(Note: The answer should be "yes".)
My daughter has just discovered indefinite articles. For the past couple days, every "Mommy" and "Daddy" and "Kitty" has turned into "A mommy!", "A daddy!", "A kitty!" I think it's probably overanalyzing to think that she has just grasped either existential quantification or classification, but clearly she means something. She has been meaning things for a while, too, of course, but it's possible that this is her first communicated abstract idea. And even if this isn't, yet, it makes me realize that something soon will be.  

It's easy enough to see that a baby is a small person, taxonomically, because that's what they basically look like. But it's quite another leap to comprehend that an individual baby is actually inexorably becoming an individual person.

I got mine. Get yours.
Thanks to the collapse of the imaginary-asset industry in the US in the months just before the 2008 presidential election, we have had an unusual opportunity to observe both major candidates actually dealing with a perceived national crisis as presumptive leaders. And thus we have learned, clearly and unequivocally, this: when faced with a complex problem with economic, philosophical and public-policy ramifications, neither one of them had any real clue what happened, why and whether it matters, or what to do about it.  

But they differ dramatically in the way they dealt with their ignorance. Obama participated in the process, made some fairly noncommittal comments about the logistics, and patiently reiterated his socio-philosophical agenda. McCain lurched around spastically, spewing hurriedly half-baked ideas and trying to find somebody to yell at.  

There is your 2008 presidential decision in a single indicative reduction: do you want the guy who wants the world to be a better place, or the one who would just as soon headbutt you if he thought he could blame you for anything.  

Will Barack Obama really bring Change and Hope, with those grand Pooh-like capital letters? Can he really, as president, alter the emotional tone of American social discourse? Can he, by sheer persistence of talking about principles as if they actually inform the operation and effects of government and culture, actually bring an American social discourse (back?) into meaningful existence?  

I don't know. Maybe. I'm not exactly counting on it. My distrust of the two-party political protection-racket system far outweighs any personal warmth I feel for this particular guy. He wasn't even my candidate of choice, and I wasn't all that enthusiastic about that guy, either. Government is a very big machine optimized for nothing I need or care about.  

But there's no way anybody who is bothering to vote tomorrow, and I will be one of those bothering, can justify not voting for Barack Obama. As presidential qualifications go, calm principles are no Nobel Peace Prize, but at least they're something. Scamming cut-rate health-insurance from Utah and refusing to stand up for even the mildest forms of social equity are not anything. McCain and Palin are the nihilist ticket: they stand for nothing. Or, more precisely, they stand for not standing for things, for politics as cynical process, and for methodically undermining the idea that we could believe in each other. They stand, as George Bush stood before them, for small-mindedness. They stand only when we're watching, and only because they're afraid we'll see them wince when they sit down.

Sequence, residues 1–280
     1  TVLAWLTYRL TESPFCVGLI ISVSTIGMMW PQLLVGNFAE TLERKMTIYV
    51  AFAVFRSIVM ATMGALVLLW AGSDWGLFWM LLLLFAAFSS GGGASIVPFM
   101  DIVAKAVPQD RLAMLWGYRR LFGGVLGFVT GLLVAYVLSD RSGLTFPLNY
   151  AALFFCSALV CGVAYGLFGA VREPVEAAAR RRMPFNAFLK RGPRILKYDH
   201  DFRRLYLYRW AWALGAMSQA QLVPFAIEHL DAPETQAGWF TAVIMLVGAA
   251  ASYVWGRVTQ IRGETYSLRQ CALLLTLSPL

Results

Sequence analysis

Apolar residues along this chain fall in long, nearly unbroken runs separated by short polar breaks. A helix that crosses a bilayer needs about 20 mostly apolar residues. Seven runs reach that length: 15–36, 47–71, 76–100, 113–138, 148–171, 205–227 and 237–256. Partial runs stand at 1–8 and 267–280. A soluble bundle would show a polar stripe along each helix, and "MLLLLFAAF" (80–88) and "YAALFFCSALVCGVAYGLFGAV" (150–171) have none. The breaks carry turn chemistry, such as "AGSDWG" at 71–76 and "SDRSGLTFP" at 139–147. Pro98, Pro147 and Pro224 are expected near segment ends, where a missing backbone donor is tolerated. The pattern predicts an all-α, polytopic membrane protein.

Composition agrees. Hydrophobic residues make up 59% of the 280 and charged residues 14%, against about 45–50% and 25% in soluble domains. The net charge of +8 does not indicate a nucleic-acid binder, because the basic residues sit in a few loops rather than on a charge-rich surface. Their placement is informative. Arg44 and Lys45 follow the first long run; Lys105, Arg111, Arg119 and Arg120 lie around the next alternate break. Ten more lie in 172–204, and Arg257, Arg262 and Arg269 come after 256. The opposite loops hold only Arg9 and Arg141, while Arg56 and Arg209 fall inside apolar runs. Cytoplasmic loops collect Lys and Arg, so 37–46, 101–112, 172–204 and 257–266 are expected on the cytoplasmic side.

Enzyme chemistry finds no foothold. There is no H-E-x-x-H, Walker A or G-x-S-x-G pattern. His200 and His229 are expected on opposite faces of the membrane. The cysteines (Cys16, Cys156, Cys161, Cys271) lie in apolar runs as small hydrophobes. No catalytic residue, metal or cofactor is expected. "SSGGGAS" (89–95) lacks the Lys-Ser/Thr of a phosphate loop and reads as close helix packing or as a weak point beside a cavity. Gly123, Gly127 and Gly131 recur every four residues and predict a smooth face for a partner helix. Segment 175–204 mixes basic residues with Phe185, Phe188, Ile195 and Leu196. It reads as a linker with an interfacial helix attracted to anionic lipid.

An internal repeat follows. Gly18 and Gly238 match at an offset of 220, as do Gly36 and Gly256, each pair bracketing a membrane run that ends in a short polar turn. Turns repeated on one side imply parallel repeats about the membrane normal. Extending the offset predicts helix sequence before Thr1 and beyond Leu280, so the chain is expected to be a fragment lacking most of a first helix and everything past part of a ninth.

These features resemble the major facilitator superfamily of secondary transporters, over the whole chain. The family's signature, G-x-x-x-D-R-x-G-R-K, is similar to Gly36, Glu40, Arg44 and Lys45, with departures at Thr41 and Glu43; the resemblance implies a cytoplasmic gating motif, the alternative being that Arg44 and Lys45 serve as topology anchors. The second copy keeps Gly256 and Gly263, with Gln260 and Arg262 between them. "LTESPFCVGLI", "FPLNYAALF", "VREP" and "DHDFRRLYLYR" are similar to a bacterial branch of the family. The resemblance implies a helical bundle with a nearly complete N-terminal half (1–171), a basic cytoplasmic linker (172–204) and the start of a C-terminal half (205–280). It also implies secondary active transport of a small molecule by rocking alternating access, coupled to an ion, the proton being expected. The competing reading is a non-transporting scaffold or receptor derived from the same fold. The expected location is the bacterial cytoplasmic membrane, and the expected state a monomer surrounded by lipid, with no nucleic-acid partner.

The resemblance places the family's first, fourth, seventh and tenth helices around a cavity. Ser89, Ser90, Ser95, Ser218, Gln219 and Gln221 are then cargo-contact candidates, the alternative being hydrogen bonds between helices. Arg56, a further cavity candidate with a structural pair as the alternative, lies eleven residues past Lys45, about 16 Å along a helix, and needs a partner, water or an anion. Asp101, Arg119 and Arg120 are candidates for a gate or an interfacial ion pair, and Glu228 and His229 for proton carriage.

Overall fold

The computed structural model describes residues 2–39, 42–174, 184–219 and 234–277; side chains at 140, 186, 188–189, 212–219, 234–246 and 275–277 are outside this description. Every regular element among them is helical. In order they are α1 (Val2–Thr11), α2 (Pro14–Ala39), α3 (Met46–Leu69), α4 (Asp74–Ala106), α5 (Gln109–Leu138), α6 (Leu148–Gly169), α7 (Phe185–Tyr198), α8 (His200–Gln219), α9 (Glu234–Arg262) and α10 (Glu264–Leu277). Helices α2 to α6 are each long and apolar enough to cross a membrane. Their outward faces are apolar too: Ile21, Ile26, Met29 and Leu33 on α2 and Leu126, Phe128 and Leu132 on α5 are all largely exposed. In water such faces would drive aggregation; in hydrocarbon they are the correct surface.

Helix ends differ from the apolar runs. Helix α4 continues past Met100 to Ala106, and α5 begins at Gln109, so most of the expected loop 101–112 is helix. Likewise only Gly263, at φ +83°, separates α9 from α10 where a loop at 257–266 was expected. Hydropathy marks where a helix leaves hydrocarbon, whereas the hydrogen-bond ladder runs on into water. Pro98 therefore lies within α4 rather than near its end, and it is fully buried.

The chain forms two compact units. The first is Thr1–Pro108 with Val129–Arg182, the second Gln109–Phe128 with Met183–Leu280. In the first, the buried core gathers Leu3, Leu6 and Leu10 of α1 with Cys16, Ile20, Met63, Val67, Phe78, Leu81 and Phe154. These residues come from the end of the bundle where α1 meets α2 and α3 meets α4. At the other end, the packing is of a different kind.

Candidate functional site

A vote for Barack Obama is a vote for ourselves as an idea, for a novel idea that is transformative precisely because it ought to be so mundane. It is a vote for consideration over greed, for resolve over fear, and for the stubborn belief in the possibility of progress over an eager resignation to invisible curses. Barack Obama will not single-handedly solve our problems, and may not even get to preside over the solutions in the time he has, but he will stand with us while we face them, and he will help keep us going while we collectively try to think of things to try. He will stand with us, and as we stand with him we will believe an us into existence. A vote for Barack Obama is not just a vote for this country, and not even just a vote for a country, it is a vote for society itself as a virtue, and for the idea that it can be better.  

A vote for Barack Obama is not a vote for a great man, it is a vote for a decent man who has what ought to be the rudimentary sense to believe that there is a greatness bigger than himself that he himself can, and thus must, participate in creating. It is a vote for the bigger greatnesses to which we too have the capacity to aspire, and in which we thus have the responsibility to play a part. This vote, then, is part of our task. It is, if we have not begun already, where we start. It is the beginning of a long and necessary collective project of reclamation and redesign. It is a vote forward.  

I vote forward. I believe in us, and I take my part of our responsibility for our future. I stand for us and with us, and I accept the project of our society and its potential as my own. I am voting for Barack Obama.